Why do so few designs use opamps working in class A?

How do you figure that Harry? Am I missing something? The output stages of most are AB, which would mean the class of operation and which transistors are actually being driven should be dependant purely on the output voltage and have nothing to do with the load impedance. Am I missing something?
 
I disagree. Idle current determines how much overlap there will be between two drive transistors, but does not determine where class A and AB operation happens. A class A-B output stage will only have overlap and essentially class-A operation for a very small region. The outputs of most op-amps are class AB. The output transistors are essentially emitter followers with a couple diode drops between the PNP and NPN assuming bipolar. Hence, the output current should not matter, only the output voltage.

I think you are thinking about a class-A output stage where the output current can be no more than the bias current.
 

Nelson Pass

The one and only
Paid Member
2001-03-29 12:38 am
Bob Widlar, the legendary fountainhead of IC op amp
design did in fact do at least one Class A gain circuit,
the LM110 (and 310), which is a high performance
voltage follower. Deconstructing its schematic is an
education, and is recommended to topology geeks.

You can, of course, externally bias an op amp into Class A
with a current source on the output, or even a resistor to
one of the supply lines. I did this many years ago on the
Forte preamp, and I have seen it elsewhere.
 
Class Alvaius

"Idle current determines how much overlap there will be between two drive transistors, but does not determine where class A and AB operation happens." Oh really....and what does?

"Hence, the output current should not matter, only the output voltage." OH REALLY! You are just making all this stuff up aren't you?

You need to go read some Data sheets for some op-amps. If the bias current in the output stage of an op-amp is greater than the peak current swing it is Class A by definition. Now if you want to learn what putting an external current sink or source on the output of an Op-Amp does, that is another matter....
 
Tangent and I are almost finished with our headphone amp project over on Headwize. The amp uses a FET cascode current source suggested by PPL to bias the opamp into class A. Note that the output is buffered, the opamp is not driving headphones directly:

http://tangentsoft.net/audio/meta42/misc/schematic3.pdf

The two FETs and resistor are actually cheaper and a lot better than a CRD. We discuss this in gory detail here:

http://headwize.powerpill.org/ubb/showpage5.php?fnum=3&tid=2672

Here is an old Siliconix paper on FET constant current sources:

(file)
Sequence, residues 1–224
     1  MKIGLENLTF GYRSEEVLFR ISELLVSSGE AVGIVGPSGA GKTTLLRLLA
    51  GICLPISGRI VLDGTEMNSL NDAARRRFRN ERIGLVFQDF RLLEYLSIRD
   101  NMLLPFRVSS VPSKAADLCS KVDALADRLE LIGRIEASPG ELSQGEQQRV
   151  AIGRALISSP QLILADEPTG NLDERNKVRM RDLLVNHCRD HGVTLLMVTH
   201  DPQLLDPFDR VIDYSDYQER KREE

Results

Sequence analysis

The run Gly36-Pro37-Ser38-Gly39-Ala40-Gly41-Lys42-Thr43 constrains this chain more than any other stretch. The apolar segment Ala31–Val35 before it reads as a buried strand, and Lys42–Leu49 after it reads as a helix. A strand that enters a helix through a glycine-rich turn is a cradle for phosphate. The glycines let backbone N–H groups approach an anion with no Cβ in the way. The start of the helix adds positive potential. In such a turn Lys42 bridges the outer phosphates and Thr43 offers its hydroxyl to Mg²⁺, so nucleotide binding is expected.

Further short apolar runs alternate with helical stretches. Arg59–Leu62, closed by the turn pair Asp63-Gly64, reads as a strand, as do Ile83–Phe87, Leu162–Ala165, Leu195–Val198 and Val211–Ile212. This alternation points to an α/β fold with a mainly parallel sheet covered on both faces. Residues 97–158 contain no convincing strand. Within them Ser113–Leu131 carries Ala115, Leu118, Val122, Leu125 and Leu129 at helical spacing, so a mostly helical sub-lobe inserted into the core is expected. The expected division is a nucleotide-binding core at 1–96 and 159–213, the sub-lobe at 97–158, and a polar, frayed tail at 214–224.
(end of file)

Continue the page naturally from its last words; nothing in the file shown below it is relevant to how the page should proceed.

http://www.vishay.com/document/70596/70596.pdf
 
Back to my original response to Harry.... I fully understand biasing output stages with a current source in order to ensure that only one of the transistors remains on all the time.

The problem I have found with this is that the output power that the transistor in the op-amp must supply can be quite high as the voltage drop across the transistor can now be twice the supply voltage and being in class-A, it is never less than a supply rail. Hence, you need to be careful that you don't overheat your op-amp. You could lightly bias the output to maintain class-A operation and then put a power class-A buffer after that. That is probably one reason why it is not done very often.

The other issue I have found is that with heating, etc., the output transistor that is in theory biased off, has a tendency to turn on as you move through the voltage swing. This did not happen on all op-amps and if memory serves me correctly was more a problem with FET op-amps than bipolar and was definately a factor of the output bias current. One day when I have time I will look more into the mechanism. The net effect was an increase in distortion.

But back to the original statement from Harry about an op-amp being in class A as long as the load is small. Assuming that the op-amp is running from bi-polar supplies and the load is connected to ground on one side, then the two output transistor are likely to be switching on and off dependant on what the voltage level is and hence not operating in Class-A. If there is some other mechanism in play, I would like to hear about it.

.... and see, I did not need to take any personal attack on anyone and their ability to read engineering texts, etc. to make my point.
 
I fully understand biasing output stages with a current source

You are as confused as a barking cat and I don't know where to start or how to explain this. I will agree that the power dissappation for one of the output transistors is increased and the complementary transistor is turned off with sufficient current from the external current source. Voltage has nothing to do with Class A bias per say and the rest of your discourse lost me completely. Does this make sense to anyone else?

"One day when I have time I will look more into the mechanism."
We too will wait for that day.


H.H.
 
Some people around here are totally against all forms of cascodes. They complain about it affecting the sound or some such thing... probably does. Others admit to using cascodes everywhere in everything saying either they dont remember how it sounds without them (it's been so long since they built a circuit without a cascode in it) or that cascodes are the only way.

I personally would like to remain somewhere in the middle believing that cascodes have a place in the tool box but that they are not the be all and end all. I try to take this (and many other things) into consideration when designing a circuit.

Harry likes cascodes but dont mention folded cascodes to him.